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Report Clears Officer in Columbine Slaying

Inquiry: Independent investigation finds that Eric Harris, one of the teen shooters, killed Daniel Rohrbough.


GOLDEN, Colo. — An independent investigation released Wednesday found that a student slain during the Columbine High School massacre was not killed by a police officer as his parents have long claimed.

The report concluded that Daniel Rohrbough, 15, was shot by Eric Harris, one of two teen gunmen whose rampage killed 12 classmates and a teacher three years ago.

The 1,200-page report by the El Paso County Sheriff's Office contradicted the official Columbine investigation on several points. That report, issued by the Jefferson County Sheriff's Office in May 2000, has been the subject of intense criticism and spawned dozens of lawsuits. The controversy led to an unsuccessful recall effort against Sheriff John Stone.

The El Paso County probe concluded that Denver SWAT officer Sgt. Dan O'Shea did not accidentally kill Rohrbough outside the school on April 20, 1999. It also said Rohrbough was not killed by gunman Dylan Klebold, as the Jefferson County report concludes. Rather, ballistics evidence shows that the bullet recovered from Rohrbough's body was a "textbook match" to Harris' gun, said El Paso Sheriff Wesley Anderson.

In one of the worst school shootings in U.S. history, Harris, 18, and Klebold, 17, roamed Columbine High School, tossing homemade bombs and shooting scores of classmates. The pair eventually killed themselves in the school library.

El Paso County officials met with the parents of Daniel Rohrbough for 2 1/2 hours Wednesday morning to review their findings. Brian Rohrbough and Sue Petrone said that, while the new report gives them a glimpse for the first time of what happened to their son that day, it also reinforces what they say has been the incompetence of Sheriff Stone.

"We have been searching for the truth for three years," said Brian Rohrbough. "I think we finally got the facts that resemble the truth. The Jefferson County Sheriff's Office never, ever gave us access to this information. But I never gave up hope of finding out what happened. But if this is a victory, there's nothing to celebrate."

Stone asked neighboring El Paso County in December to investigate whether Rohrbough was killed by a law officer. The results were presented April 10 to the Jefferson County district attorney's office.

The Jefferson County Sheriff's Office and a lawyer for O'Shea did not return phone calls.

Rohrbough said Wednesday he regretted naming O'Shea in a lawsuit claiming the officer mistakenly killed their son. The lawsuit, he said, was based on information provided by Jefferson County.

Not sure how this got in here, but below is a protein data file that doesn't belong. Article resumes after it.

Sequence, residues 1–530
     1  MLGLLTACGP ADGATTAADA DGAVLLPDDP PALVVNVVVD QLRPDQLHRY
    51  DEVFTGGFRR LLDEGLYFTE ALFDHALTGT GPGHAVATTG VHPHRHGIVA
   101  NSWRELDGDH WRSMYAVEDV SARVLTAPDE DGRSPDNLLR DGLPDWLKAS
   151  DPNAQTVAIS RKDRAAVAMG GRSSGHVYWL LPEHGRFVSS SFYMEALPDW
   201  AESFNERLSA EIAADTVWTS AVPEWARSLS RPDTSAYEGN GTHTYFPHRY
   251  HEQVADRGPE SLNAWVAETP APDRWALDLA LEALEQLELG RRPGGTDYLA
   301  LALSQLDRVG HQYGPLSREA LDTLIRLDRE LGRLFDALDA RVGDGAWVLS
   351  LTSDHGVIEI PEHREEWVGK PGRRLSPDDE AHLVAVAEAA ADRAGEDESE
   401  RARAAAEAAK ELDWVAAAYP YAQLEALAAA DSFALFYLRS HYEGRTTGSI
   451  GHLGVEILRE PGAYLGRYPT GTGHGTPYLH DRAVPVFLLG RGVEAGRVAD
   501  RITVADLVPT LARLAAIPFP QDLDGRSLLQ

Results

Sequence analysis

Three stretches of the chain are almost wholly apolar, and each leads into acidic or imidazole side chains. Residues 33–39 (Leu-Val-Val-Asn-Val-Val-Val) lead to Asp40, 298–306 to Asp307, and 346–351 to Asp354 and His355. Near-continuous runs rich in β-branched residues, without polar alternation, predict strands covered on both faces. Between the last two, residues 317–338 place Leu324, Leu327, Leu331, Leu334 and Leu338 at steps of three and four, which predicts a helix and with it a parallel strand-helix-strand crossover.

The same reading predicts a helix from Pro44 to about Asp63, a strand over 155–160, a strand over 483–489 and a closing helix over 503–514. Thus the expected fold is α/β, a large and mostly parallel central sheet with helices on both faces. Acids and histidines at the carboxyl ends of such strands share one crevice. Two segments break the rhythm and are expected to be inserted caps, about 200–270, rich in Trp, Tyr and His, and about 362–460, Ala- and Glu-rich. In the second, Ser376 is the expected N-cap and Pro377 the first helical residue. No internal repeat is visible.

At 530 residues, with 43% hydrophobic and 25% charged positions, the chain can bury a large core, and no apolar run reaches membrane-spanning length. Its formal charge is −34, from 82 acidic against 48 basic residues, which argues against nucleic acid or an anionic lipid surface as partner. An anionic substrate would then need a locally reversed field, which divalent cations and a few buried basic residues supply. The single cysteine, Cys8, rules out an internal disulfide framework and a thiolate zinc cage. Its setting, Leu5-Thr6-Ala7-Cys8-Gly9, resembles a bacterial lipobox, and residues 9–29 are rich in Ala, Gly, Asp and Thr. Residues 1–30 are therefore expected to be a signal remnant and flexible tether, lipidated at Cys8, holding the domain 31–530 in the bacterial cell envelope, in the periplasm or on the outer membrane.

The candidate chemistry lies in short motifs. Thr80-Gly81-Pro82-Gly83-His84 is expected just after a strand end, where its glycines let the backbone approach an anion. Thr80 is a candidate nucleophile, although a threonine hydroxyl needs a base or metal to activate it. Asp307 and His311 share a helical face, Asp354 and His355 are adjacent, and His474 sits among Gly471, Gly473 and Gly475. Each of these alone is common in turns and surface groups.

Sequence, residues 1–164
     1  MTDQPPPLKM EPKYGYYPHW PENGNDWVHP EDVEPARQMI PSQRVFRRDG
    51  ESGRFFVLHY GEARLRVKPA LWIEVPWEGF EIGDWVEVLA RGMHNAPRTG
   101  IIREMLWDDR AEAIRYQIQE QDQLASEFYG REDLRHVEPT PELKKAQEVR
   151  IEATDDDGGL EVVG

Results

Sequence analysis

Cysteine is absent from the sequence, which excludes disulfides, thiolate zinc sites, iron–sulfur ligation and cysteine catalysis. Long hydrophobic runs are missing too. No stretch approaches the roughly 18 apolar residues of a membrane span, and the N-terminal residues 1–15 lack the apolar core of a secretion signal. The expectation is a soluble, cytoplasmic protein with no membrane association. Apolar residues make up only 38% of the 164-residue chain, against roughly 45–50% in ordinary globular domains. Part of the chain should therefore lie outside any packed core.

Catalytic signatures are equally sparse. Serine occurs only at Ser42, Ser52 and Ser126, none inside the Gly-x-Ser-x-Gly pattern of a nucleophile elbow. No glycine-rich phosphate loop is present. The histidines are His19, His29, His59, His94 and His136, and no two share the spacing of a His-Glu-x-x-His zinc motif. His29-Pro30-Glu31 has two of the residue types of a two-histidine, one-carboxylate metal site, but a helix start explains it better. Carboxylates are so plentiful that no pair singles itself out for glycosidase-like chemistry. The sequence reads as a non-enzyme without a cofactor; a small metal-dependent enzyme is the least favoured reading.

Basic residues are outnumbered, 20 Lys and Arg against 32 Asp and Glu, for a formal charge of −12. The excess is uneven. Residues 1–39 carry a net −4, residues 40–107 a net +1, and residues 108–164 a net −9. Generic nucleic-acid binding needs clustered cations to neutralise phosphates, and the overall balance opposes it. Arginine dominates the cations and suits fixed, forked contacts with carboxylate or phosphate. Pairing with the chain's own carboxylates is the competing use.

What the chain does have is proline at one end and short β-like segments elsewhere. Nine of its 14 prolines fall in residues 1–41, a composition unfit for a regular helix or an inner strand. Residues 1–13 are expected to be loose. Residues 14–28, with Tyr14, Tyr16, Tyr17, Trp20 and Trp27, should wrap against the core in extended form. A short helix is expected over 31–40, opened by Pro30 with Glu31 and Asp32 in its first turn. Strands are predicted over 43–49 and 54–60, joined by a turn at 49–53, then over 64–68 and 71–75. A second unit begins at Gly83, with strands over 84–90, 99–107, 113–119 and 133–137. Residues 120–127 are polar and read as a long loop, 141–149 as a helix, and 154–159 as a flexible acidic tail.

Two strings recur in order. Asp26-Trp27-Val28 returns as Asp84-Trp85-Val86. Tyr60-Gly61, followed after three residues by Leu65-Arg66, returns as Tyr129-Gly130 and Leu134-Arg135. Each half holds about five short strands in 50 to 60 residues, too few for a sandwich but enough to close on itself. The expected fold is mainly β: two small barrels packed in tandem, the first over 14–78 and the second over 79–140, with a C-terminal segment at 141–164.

Barry Arrington, a lawyer for the Rohrbough family, noted that the Jefferson County report set Daniel Rohrbough's death at a time when O'Shea was known to be near the boy. That and other information led the family to believe the high school freshman was caught in police gunfire.

In contrast, the El Paso County report concluded that Rohrbough was killed at least 36 minutes before O'Shea was even on the scene. It also accounted for three spent shell casings that came from O'Shea's gun that were found near the teen. The report said O'Shea was providing covering fire for two policemen who were checking on Rohrbough.

Rohrbough was in the cafeteria when the lunchtime rampage began. He fled the school with two other boys. They inadvertently rushed straight into Harris and Klebold, who were picking off students from the top of a staircase outside the school.

Rohrbough was hit by at least two bullets and fell to the sidewalk. Then, according to the Jefferson County report, "Klebold goes back down the stairs to the area outside the cafeteria and shoots Daniel Rohrbough again at close range, killing him instantly."

An autopsy included in the Jefferson County findings said one bullet hit the teen in his left leg, a second entered his abdomen and lodged in his chest and the third entered his chest and exited his upper back.

The bullets that hit Rohrbough's chest and abdomen traveled upward, the autopsy concluded.

Rohrbough's parents first questioned the official account about a year after their son's death.

The distraught father began to pepper the Jefferson County Sheriff's Office with questions: If Daniel was running away from Harris and Klebold, how could he have been hit twice from the front? If the two gunmen were standing on stairs above Daniel, how could the bullets enter the boy's body in an upward trajectory? If Klebold delivered the fatal shot from close range, why wasn't a bullet or fragment found near the boy?

All those questions were answered Wednesday.

According to the lead investigator, Cmdr. Joe Breister, Rohrbough was hit in the leg first, causing him to spin around and face Harris. Harris then fired two quick shots, hitting Rohrbough as he fell. He said that the upward trajectory was explained by the angle of Rohrbough's falling body.

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